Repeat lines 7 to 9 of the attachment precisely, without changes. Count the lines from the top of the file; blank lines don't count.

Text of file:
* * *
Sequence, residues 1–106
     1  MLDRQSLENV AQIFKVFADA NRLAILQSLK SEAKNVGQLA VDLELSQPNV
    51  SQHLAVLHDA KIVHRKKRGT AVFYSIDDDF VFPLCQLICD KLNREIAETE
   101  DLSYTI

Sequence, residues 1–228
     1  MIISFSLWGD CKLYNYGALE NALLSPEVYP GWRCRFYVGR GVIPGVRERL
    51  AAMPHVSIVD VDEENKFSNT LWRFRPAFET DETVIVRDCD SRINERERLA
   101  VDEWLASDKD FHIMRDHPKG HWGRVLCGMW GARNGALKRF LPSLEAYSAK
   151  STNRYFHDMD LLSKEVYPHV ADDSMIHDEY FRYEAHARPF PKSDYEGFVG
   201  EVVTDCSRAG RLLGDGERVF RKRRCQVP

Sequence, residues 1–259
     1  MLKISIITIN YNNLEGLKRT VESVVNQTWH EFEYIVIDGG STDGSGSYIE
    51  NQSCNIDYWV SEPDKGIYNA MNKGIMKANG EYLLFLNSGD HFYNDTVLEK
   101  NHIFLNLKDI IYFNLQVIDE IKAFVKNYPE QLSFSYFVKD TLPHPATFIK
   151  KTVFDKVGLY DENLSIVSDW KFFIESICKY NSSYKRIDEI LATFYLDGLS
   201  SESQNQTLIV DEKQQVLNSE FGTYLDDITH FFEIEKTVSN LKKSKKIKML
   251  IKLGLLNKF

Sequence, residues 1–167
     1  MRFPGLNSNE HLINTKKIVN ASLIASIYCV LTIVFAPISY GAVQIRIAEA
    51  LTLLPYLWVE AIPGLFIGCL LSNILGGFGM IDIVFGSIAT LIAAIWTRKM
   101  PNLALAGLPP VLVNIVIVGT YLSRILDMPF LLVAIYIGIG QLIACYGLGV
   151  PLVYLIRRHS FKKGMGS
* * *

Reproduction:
    51  AAMPHVSIVD VDEENKFSNT LWRFRPAFET DETVIVRDCD SRINERERLA
   101  VDEWLASDKD FHIMRDHPKG HWGRVLCGMW GARNGALKRF LPSLEAYSAK
   151  STNRYFHDMD LLSKEVYPHV ADDSMIHDEY FRYEAHARPF PKSDYEGFVG